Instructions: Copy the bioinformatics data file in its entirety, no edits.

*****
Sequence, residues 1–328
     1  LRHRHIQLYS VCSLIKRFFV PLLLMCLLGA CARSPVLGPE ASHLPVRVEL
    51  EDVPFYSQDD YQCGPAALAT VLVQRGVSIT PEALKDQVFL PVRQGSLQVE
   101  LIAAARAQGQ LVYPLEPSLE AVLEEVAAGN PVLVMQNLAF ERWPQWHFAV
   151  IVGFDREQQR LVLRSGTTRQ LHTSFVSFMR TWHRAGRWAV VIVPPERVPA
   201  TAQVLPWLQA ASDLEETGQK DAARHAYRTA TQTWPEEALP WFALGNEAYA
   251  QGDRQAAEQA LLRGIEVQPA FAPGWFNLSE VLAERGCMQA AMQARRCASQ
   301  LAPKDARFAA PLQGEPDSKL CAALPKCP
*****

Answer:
Sequence, residues 1–328
     1  LRHRHIQLYS VCSLIKRFFV PLLLMCLLGA CARSPVLGPE ASHLPVRVEL
    51  EDVPFYSQDD YQCGPAALAT VLVQRGVSIT PEALKDQVFL PVRQGSLQVE
   101  LIAAARAQGQ LVYPLEPSLE AVLEEVAAGN PVLVMQNLAF ERWPQWHFAV
   151  IVGFDREQQR LVLRSGTTRQ LHTSFVSFMR TWHRAGRWAV VIVPPERVPA
   201  TAQVLPWLQA ASDLEETGQK DAARHAYRTA TQTWPEEALP WFALGNEAYA
   251  QGDRQAAEQA LLRGIEVQPA FAPGWFNLSE VLAERGCMQA AMQARRCASQ
   301  LAPKDARFAA PLQGEPDSKL CAALPKCP